If you’re anyone, period. If you’re anyone who’s tried to do something different or be someone different and failed. Then you know exactly what Paul’s talking about.

Anyone and everyone. Whether Jew or Greek, pious or impious. People who follow the law to the T, and people who disregard it. The great protestant reformer, Martin Luther, once called it the “bondage of the will.” Meaning each and every one of us has a spiritual ball and chain around our hearts, tugging us around like slaves. Even when we know what’s right. Even when we will what’s right. Even then, there’s something mysterious outside of us and something in us that keeps us from actually doing it. “It is no longer I who do it,” Paul says. “But sin that dwells in me.”

It’s not just a conservative matter of doing the right thing. It’s not just a liberal matter of being given the right social circumstance. But there is an inner struggle going on inside of each of us. Even if the prison cell of our experience has different furniture, everyone is captive to sin and its power. It’s the universal problem at the heart of human life. No one is exempt.

It’s overwhelming. It’s powerful.  But this power isn’t the only power that’s at work in our lives. Like I said, we’re caught in the middle. But it’s a battle between two opposing wills. Not just sin and our own.

“Who will save me from this body of death?” Paul asks. There’s a clue at the very end of our passage. “Thanks be,” he says, “to God through Jesus Christ our Lord.” And that clue leads us to the next chapter, chapter 8. “The law,” Paul says. “The law of the Spirit of Life in Christ Jesus has set me free from the law of Sin and Death.” The law of the Spirit of Life has set me free from the law of sin and death.

The other will, is that of the Spirit of the Living God. Paul says that in the internal struggle in ourselves, the power that can overcome our greatest struggles is God’s own life and power.

It’s really hard to explain how this works. But if you’ve ever read J.R.R. Tolkien’s Lord of the Rings, you’ll know that the story is all about a ring of power. One that falls in to the hands of a Hobbit named Frodo. It has the incredible power to make the wearer invisible. But soon we discover that the ring has a power all of its own. It corrupts the person who wears it, making them obsessed with the ring itself. Stopping at nothing, including betraying friends and enemies to keep it. As such, Frodo is warned never to wear the ring.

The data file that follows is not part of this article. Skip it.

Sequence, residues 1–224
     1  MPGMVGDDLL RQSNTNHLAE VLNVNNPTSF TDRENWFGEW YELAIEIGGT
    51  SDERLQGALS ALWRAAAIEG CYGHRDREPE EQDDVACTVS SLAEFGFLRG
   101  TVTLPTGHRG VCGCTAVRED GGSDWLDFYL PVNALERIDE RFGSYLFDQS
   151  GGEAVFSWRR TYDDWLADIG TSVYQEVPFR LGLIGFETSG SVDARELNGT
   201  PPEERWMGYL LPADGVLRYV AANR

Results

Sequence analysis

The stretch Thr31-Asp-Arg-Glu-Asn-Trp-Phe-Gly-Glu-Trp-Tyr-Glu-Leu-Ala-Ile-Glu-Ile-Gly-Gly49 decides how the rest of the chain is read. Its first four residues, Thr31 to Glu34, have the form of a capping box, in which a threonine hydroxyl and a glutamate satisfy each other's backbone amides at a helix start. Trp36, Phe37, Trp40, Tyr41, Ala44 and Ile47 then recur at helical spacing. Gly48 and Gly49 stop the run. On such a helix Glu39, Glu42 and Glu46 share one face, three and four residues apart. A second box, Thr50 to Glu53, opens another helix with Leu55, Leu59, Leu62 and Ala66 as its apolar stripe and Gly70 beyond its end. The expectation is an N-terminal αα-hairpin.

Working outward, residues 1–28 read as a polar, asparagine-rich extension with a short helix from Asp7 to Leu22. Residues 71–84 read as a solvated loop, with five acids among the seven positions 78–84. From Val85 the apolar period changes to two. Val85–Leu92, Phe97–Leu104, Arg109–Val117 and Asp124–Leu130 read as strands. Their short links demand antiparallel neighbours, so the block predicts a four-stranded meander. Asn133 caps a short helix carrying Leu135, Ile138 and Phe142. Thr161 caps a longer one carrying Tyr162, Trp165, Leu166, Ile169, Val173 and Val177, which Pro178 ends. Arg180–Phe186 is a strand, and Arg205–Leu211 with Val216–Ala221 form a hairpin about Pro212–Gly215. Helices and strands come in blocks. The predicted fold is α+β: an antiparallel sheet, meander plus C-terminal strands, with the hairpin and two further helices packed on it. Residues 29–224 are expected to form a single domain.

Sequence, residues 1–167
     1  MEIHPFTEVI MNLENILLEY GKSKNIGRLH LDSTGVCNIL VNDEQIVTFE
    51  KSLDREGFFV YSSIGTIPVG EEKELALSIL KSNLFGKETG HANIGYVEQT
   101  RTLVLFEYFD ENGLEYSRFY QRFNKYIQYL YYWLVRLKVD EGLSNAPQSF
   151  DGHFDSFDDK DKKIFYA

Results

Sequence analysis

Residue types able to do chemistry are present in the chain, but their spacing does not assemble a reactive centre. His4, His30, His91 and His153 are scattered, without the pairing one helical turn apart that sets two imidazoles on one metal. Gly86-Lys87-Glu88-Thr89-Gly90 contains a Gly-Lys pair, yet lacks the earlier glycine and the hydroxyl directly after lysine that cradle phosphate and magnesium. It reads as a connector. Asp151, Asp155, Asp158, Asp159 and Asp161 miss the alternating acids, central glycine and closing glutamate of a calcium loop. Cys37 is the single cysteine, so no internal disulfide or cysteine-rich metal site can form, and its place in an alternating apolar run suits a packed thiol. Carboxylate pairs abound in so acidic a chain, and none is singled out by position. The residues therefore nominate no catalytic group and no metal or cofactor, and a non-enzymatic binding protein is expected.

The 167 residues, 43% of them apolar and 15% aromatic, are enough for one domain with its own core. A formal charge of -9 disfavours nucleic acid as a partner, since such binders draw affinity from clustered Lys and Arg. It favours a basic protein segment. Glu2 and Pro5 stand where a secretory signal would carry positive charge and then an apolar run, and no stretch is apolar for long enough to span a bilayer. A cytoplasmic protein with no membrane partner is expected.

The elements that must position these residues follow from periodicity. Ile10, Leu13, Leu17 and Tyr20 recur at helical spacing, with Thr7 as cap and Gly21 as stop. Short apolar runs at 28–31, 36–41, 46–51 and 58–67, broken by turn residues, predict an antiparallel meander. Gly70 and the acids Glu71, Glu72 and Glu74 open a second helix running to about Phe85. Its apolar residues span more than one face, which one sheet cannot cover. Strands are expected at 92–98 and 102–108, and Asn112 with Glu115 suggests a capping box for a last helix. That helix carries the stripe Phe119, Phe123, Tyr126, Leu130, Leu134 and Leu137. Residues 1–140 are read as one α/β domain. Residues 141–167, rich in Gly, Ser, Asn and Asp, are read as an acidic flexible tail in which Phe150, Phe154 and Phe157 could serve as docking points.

But later on, Frodo’s life is in extreme danger. So he takes the risk, slips it on:

“All hope left him,” it says. “And suddenly he felt the Eye [the eye being the eye of Sauron, the villain of the novel]... A fierce eager will was there... it leaped toward him.”

And then Frodo hears himself saying two opposite things at once.

[Frodo] heard himself crying out, Never, never! Or was it Verily I come, I come to you? He could not tell. Then as a flash from some other point of power there came to his mind another thought: Take it off! Fool, take it off! Take off the ring!

The two powers strove in him... he writhed, tormented. Suddenly, he was aware of himself again... Frodo rose to his feet. A great weariness was on him, but his will was firm, and his heart lighter. He spoke aloud to himself. ‘I will do what I must,’ he said.

One of my favorite preachers, Fleming Rutledge, says that this scene shows us the struggle that Paul’s talking about.[iii] The fierce eager will of sin that inhabits, holds us back, and is determined to enslave us all. But the revelation that comes to him from some other point of power is the power that sets us free for the purpose of goodness. If you’ve ever experienced a sudden reversal in your life. If you’ve ever found yourself with the strength to overcome when you thought all was lost. Then you’ve experienced the freedom of Christ, through the power of the Holy Spirit. Even if you didn’t recognize her by name.